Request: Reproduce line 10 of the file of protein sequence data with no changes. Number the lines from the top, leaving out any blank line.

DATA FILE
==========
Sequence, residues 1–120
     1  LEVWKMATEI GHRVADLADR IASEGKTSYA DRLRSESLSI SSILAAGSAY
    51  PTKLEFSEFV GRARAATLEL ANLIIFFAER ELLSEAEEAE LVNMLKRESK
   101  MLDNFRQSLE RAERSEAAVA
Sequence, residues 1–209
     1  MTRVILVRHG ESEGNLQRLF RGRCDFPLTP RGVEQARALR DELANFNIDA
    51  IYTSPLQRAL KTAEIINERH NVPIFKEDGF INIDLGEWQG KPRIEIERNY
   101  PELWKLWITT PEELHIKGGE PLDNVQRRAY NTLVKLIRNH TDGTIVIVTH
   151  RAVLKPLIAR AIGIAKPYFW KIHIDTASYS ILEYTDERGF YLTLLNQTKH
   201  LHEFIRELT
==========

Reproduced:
   201  LHEFIRELT